Reducing Holiday Stress for Families of Children with Autism

With the holidays rapidly approaching, families start to prepare for the onslaught of copious amounts of food, time spent with family, family visitors, shopping, decorating, school vacations, and all the expected hustle and bustle of the holiday session.

Not only do the holidays emphasize good times, Yule tide, and cheer the season also brings along elevated levels of stress for families, this can be especially true for families of children with autism.

Schedule changes, unexpected transitions, unstructured time, and even a break in services can lead to children experiencing increased stress and can lead to their parents and families feeling increased amounts of stress. Here are some tips to help reduce the holiday stress for your child and hopefully yourself as well:

Planning and Preparation – Help your child prepare for the holiday session. Make family trips, school end/start dates, and other important events on a calendar that the child can see. Help count down or review upcoming events so your child will be prepared.

Limit Surprises – Limit unexpected events or visitors, remind your child of what to expect, what behavior is expected, and what will be occurring during the day.

Reinforce Behavior – Establish what the child can earn daily or throughout the day for engaging in appropriate behavior. Explain what is expected and what the child will earn to increase positive behaviors.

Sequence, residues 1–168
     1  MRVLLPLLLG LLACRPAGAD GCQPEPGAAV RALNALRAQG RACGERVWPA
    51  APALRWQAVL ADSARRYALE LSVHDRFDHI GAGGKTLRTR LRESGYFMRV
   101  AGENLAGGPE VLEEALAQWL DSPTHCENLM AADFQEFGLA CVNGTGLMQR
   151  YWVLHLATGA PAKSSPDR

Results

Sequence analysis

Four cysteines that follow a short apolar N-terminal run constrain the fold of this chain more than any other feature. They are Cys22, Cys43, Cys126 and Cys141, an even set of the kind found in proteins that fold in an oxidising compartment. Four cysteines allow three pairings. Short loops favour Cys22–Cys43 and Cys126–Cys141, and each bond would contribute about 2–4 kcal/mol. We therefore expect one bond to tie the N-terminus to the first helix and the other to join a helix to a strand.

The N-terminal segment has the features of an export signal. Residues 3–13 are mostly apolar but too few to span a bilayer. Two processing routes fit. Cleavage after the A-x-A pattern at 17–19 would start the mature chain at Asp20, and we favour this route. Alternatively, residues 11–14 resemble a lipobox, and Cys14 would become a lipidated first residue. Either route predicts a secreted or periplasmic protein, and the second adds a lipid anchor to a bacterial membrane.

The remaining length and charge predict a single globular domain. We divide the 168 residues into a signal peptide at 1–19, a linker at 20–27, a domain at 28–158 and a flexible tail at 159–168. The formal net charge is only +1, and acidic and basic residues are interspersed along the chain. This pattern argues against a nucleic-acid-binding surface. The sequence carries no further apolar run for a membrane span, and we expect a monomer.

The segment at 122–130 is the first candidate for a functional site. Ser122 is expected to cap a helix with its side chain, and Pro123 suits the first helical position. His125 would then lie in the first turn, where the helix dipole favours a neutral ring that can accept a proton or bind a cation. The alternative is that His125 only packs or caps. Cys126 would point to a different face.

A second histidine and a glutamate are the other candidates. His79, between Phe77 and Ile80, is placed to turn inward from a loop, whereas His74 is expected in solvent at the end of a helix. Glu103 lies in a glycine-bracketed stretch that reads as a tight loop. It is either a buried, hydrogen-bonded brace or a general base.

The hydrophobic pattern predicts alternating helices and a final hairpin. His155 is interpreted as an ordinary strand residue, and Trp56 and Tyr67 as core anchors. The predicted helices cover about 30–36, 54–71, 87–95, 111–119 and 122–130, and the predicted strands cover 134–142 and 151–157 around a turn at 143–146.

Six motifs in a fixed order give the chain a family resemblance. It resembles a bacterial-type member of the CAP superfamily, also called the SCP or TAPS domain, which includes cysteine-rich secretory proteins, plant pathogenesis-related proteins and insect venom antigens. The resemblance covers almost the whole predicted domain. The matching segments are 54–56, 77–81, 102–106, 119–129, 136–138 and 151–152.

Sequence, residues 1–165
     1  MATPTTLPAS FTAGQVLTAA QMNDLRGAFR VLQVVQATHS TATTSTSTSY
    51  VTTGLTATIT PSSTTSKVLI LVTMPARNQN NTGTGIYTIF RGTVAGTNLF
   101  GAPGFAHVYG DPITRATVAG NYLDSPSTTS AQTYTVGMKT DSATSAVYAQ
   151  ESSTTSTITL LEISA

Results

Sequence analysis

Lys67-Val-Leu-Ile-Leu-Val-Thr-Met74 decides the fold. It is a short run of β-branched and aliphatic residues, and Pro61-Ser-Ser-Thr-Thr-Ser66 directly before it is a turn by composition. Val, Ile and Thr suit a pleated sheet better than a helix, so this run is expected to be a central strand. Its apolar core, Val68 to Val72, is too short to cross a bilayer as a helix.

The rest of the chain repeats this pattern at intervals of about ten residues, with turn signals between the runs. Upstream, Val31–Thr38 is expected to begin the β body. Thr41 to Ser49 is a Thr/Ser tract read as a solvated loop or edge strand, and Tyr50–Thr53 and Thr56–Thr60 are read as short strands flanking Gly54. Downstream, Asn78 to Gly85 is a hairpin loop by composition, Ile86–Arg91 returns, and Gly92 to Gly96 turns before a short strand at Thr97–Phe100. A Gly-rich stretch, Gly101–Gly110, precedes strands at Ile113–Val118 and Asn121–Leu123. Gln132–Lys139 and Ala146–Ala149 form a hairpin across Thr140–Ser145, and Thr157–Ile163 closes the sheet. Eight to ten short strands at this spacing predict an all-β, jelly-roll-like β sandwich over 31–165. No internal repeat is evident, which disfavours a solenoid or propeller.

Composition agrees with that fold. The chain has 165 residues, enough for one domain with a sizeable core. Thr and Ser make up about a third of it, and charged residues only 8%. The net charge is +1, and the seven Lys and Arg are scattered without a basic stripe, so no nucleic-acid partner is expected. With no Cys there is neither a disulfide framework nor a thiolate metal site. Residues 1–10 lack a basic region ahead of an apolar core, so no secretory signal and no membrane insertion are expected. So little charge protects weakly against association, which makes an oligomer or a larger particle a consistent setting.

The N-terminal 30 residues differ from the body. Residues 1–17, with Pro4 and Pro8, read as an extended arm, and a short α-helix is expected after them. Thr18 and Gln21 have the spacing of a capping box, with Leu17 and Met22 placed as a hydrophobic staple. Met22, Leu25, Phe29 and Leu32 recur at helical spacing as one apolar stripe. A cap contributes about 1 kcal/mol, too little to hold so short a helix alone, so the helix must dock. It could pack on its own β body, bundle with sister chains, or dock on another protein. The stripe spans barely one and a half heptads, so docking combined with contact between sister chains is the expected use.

Small Changes – If you are anticipating decorating the house, do it in small steps instead of changing the environment all on one day. Perhaps hang lights one day, decorate interior the next, then the tree, and then final trimmings.

Keep a Consistent Schedule -  Even if school or services pause over the holidays continue to have the child wake up around the same time, complete the daily dressing routine, follow the same eating schedule, and keep the night routine as consistent as possible.

Practice, Practice, Practice – Create opportunities for learning; social stories, role-play, model what is polite and appropriate behavior when receiving gifts, waiting for others to open gifts, or when visiting another adult’s house.

Relaxation Strategies – Practice calming and relaxation strategies if you or your child is experiencing increased levels of stress or if they are over stimulated.

Be Flexible – Many times things won’t go as planned or simple events like shopping take longer than expected, that is ok, remember to remain calm and go with the flow

Enjoy Your Child – Make time to enjoy your child by sharing a fun activity or just being with your child, remember sometimes things are hard for them but with some forethought and planning you can help to reduce the stress that comes with the holiday session.